From the long-ago days of the Pony Express to mail delivery by jet – the U.S. Postal Service knows a thing or two about sweeping transformations.
And the spirit of reinvention is once again visiting the USPS.
The Postal Service’s Risk Analysis Research Center, part of the agency’s inspector general’s office, recently released an exhaustive report, “A Strategy for a Future Mail Processing & Transportation Network.” The report provides a high-level look at what the Postal Service – and its network of largely unseen processing and distribution centers – could look like in 2020.
But for such a large undertaking, the researchers basically had to start from the ground up, David Yacobucci, the deputy director of the research center, told Federal News Radio.
The Postal Service’s network of more than 260 distribution centers – about 5 for every state – has adapted over the last century or so, mostly to keep up with the growing volume of mail.
“Unfortunately, mail volumes are under siege due to economic conditions as well as the Internet and electronic substitutions,” Yacobucci said. “So we really had to start over from scratch in terms of what should the Postal Service look like in the year 2020 based on that future demand.”
The report, which used simulation modeling to predict mail volume in 2020, recommended reducing the number of major distribution centers to 135, about three for every state.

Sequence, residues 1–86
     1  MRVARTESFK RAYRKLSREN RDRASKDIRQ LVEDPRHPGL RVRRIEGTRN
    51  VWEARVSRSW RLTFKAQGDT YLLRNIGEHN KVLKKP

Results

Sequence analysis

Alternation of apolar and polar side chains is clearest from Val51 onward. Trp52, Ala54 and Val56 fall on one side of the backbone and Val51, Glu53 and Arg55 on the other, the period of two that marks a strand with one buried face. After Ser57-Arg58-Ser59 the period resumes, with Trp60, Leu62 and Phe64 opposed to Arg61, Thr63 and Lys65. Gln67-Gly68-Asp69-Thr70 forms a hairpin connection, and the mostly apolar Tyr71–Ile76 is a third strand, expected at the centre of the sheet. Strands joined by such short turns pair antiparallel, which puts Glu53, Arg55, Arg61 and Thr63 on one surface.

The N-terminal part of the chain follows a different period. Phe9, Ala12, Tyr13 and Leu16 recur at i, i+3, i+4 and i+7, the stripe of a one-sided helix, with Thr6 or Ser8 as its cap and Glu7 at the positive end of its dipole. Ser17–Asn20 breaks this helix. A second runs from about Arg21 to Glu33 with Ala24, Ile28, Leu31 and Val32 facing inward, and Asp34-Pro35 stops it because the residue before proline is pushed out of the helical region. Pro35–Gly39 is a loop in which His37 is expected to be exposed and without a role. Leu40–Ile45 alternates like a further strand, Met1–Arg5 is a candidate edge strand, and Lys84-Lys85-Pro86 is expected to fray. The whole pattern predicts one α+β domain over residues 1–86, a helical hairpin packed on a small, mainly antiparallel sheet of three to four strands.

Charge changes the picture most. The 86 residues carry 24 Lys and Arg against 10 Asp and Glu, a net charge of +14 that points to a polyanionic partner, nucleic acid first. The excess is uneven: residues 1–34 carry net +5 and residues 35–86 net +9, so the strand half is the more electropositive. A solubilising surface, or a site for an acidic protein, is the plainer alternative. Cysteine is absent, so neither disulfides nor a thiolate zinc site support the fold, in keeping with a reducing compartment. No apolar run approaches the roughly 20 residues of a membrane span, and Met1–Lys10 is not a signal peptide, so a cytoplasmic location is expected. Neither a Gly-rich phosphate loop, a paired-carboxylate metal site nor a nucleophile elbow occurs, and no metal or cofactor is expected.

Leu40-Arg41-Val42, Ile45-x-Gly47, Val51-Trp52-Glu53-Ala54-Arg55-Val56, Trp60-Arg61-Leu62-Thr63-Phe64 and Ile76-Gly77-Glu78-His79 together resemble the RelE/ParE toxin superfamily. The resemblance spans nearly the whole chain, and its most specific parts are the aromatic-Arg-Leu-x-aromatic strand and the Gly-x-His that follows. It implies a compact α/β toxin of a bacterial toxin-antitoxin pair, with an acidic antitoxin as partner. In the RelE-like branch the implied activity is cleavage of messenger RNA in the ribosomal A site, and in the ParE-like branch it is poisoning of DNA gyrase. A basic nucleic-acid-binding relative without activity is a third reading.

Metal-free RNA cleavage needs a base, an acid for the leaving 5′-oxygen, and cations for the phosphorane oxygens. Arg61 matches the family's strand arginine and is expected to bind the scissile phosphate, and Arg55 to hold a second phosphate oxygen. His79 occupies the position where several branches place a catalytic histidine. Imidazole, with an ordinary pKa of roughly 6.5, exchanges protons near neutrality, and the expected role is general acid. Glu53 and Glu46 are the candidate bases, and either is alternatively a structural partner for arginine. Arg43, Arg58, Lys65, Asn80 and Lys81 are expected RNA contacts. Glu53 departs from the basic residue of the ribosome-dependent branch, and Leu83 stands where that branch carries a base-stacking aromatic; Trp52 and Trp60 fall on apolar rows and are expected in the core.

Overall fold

But don’t call this needless downsizing.
“Obviously, when you go from five major plants in any state – or any person’s backyard – down to three, people are going to ask questions,” he said. “And that’s why a strategy is necessary to say ‘You know, we’re not just singling out anybody (or) any single plant.’ This is really to right-size the Postal Service network for economies.”
Because the strategy is only focused on the transportation backbone of the Postal Service, it wouldn’t necessarily impact the 36,000 local post offices nationwide, Yacobucci said.
Closing the distribution centers will reduce the overall Postal Service workforce, though. However, as Yacobucci pointed out, the Postal Service is already shrinking, dipping from 700,000 employees to 580,000 this year. And in the next 10 years, half of the USPS workforce will be eligible to retire.
One of the major shifts is one of philosophy. Rather than focusing on speed, the Postal Service should work on consistency, the report recommended. “This is a real, significant shift,” Yacobucci acknowledged. “but with that, it might allow for more efficiencies in the postal network and yet still meet that customer demand.”